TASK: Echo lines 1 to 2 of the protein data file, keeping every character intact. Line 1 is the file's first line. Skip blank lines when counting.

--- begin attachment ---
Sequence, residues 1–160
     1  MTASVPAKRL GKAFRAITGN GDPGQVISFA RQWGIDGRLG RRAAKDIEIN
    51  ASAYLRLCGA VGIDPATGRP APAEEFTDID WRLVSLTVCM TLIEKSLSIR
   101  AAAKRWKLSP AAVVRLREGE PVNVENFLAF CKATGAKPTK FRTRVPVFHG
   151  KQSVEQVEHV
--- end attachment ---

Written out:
Sequence, residues 1–160
     1  MTASVPAKRL GKAFRAITGN GDPGQVISFA RQWGIDGRLG RRAAKDIEIN